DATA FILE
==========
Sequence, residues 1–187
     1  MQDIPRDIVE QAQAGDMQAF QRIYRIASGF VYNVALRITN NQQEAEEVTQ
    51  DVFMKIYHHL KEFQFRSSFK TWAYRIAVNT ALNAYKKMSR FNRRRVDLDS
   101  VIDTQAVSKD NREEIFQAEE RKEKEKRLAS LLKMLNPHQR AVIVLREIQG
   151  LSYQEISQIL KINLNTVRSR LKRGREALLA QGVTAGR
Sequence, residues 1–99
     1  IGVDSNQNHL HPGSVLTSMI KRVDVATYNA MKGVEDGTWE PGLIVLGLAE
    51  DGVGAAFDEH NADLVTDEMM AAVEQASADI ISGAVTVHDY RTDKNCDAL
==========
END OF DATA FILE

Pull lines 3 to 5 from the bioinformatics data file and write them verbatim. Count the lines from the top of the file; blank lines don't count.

    51  DVFMKIYHHL KEFQFRSSFK TWAYRIAVNT ALNAYKKMSR FNRRRVDLDS
   101  VIDTQAVSKD NREEIFQAEE RKEKEKRLAS LLKMLNPHQR AVIVLREIQG
   151  LSYQEISQIL KINLNTVRSR LKRGREALLA QGVTAGR